Satchel Paige: Striking Out Jim Crow

Satchel Paige: Striking Out Jim Crow

by James Sturm

He made a point of writing his own historyand then re-writing it.

Now the Center for Cartoon Studies turns a graphic novelist's eye to Paige's story.

Told from the point of view of a sharecropper, this compelling narrative follows Paige from game to game as he travels throughout the segregated South.

In stark prose and powerful graphics, author and artist share the story of a sports hero, role model, consummate showman, and era-defining American.

  • Language: English
  • Category: Sequential Art
  • Rating: 3.79
  • Pages: 96
  • Publish Date: December 18th 2007 by Jump At The Sun
  • Isbn10: 0786839015
  • Isbn13: 9780786839018

What People Think about "Satchel Paige: Striking Out Jim Crow"

After an encounter with Satchel Paige and an abrupt career-ending injury, the narrator transitions the story to a little town in Alabama where he recounts the plight of Southern sharecroppers in the 1930s and 1940s. The narrator and his son savor the victory, but the story seems soured to me because of references from the Introduction, story, and Panel Discussions make Paige out to be more of an entrepreneur than a sports hero or civil rights activist. My biggest complaint is that there are so few references about Satchel Paige as a person.

Then, one day, Satchel Paige is advertised as coming to play the local white baseball team and everyone turns out. In the midst of all this, the narrator decides to finally tell his son about his baseball days and remind his child that he still has options. The idea of placing Paige within the context of his times by narrating through someone else is inspired and probably why the book works as well as it does. The fictional sharecropper who tells his own story first and how Paige intersected with it second, is a great character because you can feel the reality of his situation. With its misleadingly simple images and deep vein of authenticity, Satchel Paige: Striking Out Jim Crow comes across as a biography of necessity.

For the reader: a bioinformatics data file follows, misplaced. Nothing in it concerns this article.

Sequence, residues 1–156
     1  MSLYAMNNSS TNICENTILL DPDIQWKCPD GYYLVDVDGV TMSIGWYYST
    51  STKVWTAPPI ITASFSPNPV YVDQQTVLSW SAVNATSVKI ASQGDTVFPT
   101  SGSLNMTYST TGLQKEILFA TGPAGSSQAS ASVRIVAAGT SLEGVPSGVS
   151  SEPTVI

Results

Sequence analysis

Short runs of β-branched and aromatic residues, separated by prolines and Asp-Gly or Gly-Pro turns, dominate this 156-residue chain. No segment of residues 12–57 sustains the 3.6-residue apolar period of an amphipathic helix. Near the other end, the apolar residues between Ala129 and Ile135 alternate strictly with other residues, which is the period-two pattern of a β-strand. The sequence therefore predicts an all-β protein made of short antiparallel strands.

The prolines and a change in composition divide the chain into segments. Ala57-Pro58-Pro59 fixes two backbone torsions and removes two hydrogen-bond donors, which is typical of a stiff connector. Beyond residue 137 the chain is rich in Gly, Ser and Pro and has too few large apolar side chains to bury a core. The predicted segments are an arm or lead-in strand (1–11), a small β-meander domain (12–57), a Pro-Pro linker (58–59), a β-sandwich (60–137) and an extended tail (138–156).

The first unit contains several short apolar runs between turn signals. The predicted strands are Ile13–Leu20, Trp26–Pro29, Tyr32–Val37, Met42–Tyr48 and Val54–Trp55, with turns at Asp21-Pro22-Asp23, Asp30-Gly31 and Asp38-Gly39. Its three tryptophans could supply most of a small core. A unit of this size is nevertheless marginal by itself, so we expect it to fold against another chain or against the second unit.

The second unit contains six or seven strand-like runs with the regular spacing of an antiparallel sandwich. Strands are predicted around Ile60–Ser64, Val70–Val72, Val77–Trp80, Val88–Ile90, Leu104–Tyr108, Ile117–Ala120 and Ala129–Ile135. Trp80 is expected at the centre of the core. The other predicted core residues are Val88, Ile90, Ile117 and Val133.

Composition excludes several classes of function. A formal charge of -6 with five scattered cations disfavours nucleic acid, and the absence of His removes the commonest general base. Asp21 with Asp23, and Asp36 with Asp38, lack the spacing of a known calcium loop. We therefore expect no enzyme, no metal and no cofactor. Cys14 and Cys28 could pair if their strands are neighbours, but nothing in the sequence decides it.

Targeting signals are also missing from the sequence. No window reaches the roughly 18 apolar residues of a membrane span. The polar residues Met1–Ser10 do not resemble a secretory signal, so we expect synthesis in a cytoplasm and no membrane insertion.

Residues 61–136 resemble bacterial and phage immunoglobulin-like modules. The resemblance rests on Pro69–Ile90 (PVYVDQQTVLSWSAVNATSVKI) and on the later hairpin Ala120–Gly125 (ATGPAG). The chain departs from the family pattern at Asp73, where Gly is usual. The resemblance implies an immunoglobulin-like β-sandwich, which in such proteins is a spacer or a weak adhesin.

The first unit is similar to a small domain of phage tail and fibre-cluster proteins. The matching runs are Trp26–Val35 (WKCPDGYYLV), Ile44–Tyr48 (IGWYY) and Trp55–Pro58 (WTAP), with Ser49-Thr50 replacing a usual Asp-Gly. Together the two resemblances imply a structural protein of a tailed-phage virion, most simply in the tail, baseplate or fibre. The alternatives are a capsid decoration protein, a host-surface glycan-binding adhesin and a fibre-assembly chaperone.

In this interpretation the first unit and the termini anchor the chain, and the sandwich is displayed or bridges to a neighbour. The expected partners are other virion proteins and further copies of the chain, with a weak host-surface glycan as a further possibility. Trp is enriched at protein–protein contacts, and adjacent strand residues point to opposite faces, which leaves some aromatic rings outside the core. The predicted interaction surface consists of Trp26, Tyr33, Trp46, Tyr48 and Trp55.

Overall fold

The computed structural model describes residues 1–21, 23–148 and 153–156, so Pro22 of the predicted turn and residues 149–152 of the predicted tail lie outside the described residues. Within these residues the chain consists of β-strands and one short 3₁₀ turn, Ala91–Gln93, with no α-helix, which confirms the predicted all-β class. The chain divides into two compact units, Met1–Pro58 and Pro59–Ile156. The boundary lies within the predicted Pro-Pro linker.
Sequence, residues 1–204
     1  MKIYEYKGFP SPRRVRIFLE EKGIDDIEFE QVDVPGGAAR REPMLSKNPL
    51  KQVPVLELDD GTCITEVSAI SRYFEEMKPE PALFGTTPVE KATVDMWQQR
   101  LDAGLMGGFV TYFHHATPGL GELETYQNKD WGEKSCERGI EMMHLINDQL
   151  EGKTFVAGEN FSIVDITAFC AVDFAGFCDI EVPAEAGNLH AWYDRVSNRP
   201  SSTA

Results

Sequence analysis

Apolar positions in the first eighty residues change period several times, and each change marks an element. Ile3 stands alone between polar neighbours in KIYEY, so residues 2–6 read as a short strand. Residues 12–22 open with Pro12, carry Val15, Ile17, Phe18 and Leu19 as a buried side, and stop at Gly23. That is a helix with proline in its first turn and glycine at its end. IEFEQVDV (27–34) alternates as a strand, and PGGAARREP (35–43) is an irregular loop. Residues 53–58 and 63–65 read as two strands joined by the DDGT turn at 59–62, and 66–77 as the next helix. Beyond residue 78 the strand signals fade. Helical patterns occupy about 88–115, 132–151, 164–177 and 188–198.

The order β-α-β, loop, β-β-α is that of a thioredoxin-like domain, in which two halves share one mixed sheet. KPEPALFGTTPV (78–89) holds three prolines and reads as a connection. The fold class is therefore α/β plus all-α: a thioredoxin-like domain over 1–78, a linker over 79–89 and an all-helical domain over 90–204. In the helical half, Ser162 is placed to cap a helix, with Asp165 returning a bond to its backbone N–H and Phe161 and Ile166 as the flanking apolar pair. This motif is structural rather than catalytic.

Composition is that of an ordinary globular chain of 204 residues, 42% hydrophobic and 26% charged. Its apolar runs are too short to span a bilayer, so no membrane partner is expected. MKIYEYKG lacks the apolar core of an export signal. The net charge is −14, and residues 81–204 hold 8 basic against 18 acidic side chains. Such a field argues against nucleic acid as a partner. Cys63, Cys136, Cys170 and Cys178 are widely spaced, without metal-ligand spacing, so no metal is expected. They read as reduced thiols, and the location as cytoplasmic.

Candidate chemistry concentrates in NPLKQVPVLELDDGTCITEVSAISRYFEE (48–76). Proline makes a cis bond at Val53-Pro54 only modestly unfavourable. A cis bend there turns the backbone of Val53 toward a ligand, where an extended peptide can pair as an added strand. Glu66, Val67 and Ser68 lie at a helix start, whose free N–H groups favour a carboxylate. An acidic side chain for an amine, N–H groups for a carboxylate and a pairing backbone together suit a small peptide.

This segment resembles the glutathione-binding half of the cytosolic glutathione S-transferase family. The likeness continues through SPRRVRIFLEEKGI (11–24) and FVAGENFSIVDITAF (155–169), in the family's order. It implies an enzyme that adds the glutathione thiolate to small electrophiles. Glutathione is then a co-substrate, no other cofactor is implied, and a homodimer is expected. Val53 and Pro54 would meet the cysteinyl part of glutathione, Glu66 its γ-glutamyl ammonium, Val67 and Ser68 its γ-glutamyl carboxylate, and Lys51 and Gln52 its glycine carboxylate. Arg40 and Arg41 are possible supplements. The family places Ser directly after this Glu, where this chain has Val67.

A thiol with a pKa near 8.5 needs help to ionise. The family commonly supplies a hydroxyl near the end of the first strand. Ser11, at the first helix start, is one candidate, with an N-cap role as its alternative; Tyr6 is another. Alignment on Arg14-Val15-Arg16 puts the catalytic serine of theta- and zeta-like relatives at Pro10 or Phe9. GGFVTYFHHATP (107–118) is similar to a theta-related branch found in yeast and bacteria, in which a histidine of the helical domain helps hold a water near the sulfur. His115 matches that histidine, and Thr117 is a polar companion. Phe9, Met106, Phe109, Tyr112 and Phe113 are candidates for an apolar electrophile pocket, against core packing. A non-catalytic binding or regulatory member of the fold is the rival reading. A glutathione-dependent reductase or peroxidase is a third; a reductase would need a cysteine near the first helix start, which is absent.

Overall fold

The twins are on the towns baseball team and they pay to get Satchel Paige and his team to come and play. Emmet ends up taking his son to the baseball game. He goes on to strike out many players and wins the game for his team. I think that Satchel Paige, Striking Out Jim Crow is a good read.

Once I got out of my own way, though, it was a powerful little book about life in Paige's time that drove home the reality of Jim Crow America through the lens of baseball and left me to confront for the first time what risks black athletes took in this era.

SUMMARY: This book weaves together biography and fiction, with the real part concerning Satchel Paige, a famous African-American baseball player during the 1920s through the 1940s. I even became interested in the baseball part of the novel, and if this book could affect me in this way, it will affect others.

On the evils of Jim Crow and segregation, the book describes some of the problems, but tries too hard to create a forced victory to end on. On Satchel, well, the book barely touches on his life, his pitching ability, or his sense of humor, you get the sense that he was important, and skilled, but it's hard to believe that someone encountering Paige for the first time in this book would feel any particular admiration or interest in the man.

Satchel Paige: Striking out Jim Crow is an excellent book about the struggle of African-Americans in the South and an excellent book about baseball. I think this would be a great way to discuss the realities of life in the South under Jim Crow for African-Americans with 6th to 8th graders.

James Sturm & Rich Tommasos graphic novel Satchel Paige: Striking Out Jim Crow is the amazing story about one mans influence on the course of civil rights in American history, through his athletic abilities and influence.

He is also the founder of the Center for Cartoon Studies and the National Association for Comics Art Educators.